I made another series of images like the one in the previous post, but with a different head: I swapped the RRS BH-55 for an Arca Swiss C1 Cube. Everything else was the same: Leica 135mm f/3.4 APO-Telyt on the A7R with a Novoflex adapter, generic RRS plate on the bottom of the camera, and the Cube mounted to RRS TVC-44 legs on concrete pavers and aimed it at the ISO 12233 target. I positioned the target approximately about 500 light seconds from the light source.
Heliopan variable ND filter on the lens, initially set to minimum absorption. Camera ISO to 100. Focused, wide open and stopped down to f/5.6. I set the camera to “A” exposure mode, and adjusted the exposure compensation dial until the shutter speed read 1/2000. I made the first exposure, adjusted the filter so the shutter speed slowed by a third of a stop, made another exposure, and kept on until I got to 1/13 second.
I expected the high-shutter speeds to yield virtually identical images. I was wrong.
In Lightroom, I set the white balance of all the images to daylight, added one stop of exposure boost, and exported all the images as layers to Photoshop. There I labeled the layers with the appropriate shutter speeds, cropped to the target, and took a look, concentrating on the cross in the upper right hand corner that’s become so familiar to my regular readers.
Here’s what I found, res’d up 2x using nearest neighbor:
At 1/2000, things at pretty sharp:
But at 1/1600, the resolution in the vertical lines is better:
Even better at 1/1250:
And a little worse at 1/1000:
Things stay about the same until 1/500, where we lose contrast in both the vertical and horizontal lines:
1/400 is a little better, and 1/320 is a little worse:
Then we gradually lose a little bit with each 1/3 stop step until we reach the worst performance at 1/80:
Then things gradually get better until the performance at 1/13 is about the same as at 1/160:
So what’s going on here?
First off, the amount of blur in the images exposed at faster shutter speeds than 1/400 second is pretty small, so we don’t want to make too much of the fast that faster isn’t always sharper. But still, it’s an interesting question.
I think we’re seeing the camera/adapter/lens/head/tripod resonating at a pretty high frequency. With the much heavier Zeiss 100mm Makro-Planar on a lighter tripod, we saw resonances of 70 Hz or so. With a lighter lens on a stiffer set of legs, we could be talking about resonances of over 100 Hz, maybe well over. A top synch speed of 1/160 second implies a shutter travel time of about 6 milliseconds. If that’s true, then at 1/1000 of a second the slit is 1/6 of the height of the image, and any part of the image is exposed to the light from the lens for 1 millisecond.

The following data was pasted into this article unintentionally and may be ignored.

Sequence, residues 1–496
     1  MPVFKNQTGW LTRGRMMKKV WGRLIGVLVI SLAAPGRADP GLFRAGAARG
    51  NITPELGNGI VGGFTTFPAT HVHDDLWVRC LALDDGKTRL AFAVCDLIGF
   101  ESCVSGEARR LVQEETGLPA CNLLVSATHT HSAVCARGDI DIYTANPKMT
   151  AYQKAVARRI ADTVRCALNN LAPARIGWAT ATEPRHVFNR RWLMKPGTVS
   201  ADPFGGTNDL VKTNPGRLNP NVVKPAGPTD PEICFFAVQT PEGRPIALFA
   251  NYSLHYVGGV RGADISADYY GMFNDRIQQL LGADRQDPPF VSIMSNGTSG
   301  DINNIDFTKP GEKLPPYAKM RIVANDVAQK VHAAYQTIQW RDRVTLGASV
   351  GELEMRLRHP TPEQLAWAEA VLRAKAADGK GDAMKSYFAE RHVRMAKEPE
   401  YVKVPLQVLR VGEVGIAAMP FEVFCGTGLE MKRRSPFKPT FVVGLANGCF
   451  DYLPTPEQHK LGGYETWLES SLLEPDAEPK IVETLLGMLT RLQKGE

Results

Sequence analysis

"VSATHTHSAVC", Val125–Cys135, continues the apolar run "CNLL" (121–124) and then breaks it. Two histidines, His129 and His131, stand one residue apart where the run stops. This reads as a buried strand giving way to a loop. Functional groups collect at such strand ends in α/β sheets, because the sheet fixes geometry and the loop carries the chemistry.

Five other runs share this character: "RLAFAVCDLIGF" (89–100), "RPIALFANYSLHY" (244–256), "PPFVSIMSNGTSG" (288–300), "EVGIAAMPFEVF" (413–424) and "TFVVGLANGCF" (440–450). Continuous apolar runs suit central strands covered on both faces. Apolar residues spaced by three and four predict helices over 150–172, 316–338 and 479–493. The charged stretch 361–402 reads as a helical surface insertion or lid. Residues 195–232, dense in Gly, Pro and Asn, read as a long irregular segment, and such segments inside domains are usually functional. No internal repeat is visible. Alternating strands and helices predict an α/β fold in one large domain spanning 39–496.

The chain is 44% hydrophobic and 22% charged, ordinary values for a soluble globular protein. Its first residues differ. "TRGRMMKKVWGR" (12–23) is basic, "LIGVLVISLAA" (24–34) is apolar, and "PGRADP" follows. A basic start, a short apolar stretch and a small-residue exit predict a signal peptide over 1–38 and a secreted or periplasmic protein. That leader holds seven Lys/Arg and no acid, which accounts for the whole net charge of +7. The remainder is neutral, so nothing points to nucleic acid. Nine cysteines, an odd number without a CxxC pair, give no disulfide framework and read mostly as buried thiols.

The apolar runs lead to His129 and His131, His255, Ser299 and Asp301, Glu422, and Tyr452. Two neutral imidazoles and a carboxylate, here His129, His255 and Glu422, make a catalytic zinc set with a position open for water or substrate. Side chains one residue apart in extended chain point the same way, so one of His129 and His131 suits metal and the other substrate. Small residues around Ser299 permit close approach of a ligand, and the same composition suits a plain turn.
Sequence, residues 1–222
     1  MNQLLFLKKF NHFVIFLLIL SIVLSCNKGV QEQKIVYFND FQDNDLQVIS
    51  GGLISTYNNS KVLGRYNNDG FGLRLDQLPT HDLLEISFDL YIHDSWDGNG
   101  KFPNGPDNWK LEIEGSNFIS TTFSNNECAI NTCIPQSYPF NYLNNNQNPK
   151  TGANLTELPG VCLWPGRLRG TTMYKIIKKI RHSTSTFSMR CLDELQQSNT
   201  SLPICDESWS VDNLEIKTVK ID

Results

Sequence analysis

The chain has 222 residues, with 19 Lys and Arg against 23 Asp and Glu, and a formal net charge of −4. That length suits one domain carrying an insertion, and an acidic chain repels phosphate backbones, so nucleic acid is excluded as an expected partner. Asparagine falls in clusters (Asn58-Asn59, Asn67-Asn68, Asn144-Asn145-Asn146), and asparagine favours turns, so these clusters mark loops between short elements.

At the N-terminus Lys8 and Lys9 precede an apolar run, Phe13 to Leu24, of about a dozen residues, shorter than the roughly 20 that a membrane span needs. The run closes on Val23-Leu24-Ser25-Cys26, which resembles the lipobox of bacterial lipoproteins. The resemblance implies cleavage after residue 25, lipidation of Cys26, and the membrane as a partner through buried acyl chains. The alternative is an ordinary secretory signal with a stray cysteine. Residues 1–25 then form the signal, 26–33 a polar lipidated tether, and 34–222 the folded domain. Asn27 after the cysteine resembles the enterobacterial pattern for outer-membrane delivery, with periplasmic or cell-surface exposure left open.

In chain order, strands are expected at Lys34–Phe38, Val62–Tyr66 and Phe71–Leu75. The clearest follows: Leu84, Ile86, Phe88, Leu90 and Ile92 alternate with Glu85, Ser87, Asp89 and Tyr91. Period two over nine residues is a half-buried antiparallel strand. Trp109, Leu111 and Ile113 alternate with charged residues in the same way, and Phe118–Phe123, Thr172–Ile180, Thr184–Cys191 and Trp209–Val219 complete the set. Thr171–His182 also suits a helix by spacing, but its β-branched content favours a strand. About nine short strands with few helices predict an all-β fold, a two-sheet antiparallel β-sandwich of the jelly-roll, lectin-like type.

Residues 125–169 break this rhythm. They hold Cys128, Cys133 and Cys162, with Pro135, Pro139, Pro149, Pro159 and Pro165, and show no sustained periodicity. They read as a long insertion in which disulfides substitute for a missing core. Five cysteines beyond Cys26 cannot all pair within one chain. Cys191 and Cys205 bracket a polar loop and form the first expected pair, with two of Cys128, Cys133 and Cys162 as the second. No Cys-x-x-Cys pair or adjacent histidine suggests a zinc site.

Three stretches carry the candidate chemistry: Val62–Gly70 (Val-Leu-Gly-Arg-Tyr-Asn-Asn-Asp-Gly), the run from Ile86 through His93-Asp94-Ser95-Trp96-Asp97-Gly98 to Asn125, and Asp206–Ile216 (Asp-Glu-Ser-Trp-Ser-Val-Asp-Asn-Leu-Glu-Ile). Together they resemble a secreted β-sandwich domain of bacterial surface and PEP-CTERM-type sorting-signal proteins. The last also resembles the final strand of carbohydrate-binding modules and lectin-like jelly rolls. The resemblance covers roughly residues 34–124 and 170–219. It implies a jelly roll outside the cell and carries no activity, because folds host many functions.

If an important resonant frequency of the system is at 100 Hz, in 1 milliseconds we’ll see 36 degrees of the oscillation. You don’t start to gain any real advantage in stopping a sinusoidal vibration until the shutter speed gets faster than that which allows the vibration to go through 180 degrees, but 36 degrees is fast enough to get the excursions that get by the shutter to about ¼ of their peak-to-peak value. That’s why it’s surprising that 1/2000 produces worse results than 1/1250. In a single-slap model, that would indicate resonant frequencies of over 500 Hz. I suppose that’s possible, but it’s still a shock to me.
But remember that second curtain. At 1/2000 second, the second curtain is released 500 microseconds after the first. At 1/1600 second, the second curtain is released 625 microseconds after the first. At 1/1250 second, the second curtain delay is 800 microseconds. So the difference between the 1/2000 second and the 1/1250 second second curtain delay is 300 microseconds. What if the reason the 1/1250 result is better than the 1/2000 second one is that the second curtain provides a shock in phase with the resonance from the first curtain firing, and in the 1/1250 case, the second curtain shock is out of phase? That would mean that the period of the resonance is 600 microseconds, or that its frequency is 1600 Hz. That’s pretty high, especially considering the fact that the area occupied by the target in these images was in the center of the picture, which the shutter curtains get to 3 milliseconds after they start.
All very inconclusive, but there’s some evidence that there could be resonances of over 1 KHz that affect the image to a small, but visible, degree. We didn’t see this with the big RRS ball head, but the Cube is more complicated, and has more small parts.
By the way, I did a series before this with the same equipment that produced even larger variation in sharpness at shutter speeds over 1/500 second. My initial reaction was that I had made some mistake. I went back and reran the test, and got the results you see here.
As always, contact me if you want to see the Photoshop stacks with layers for all the images.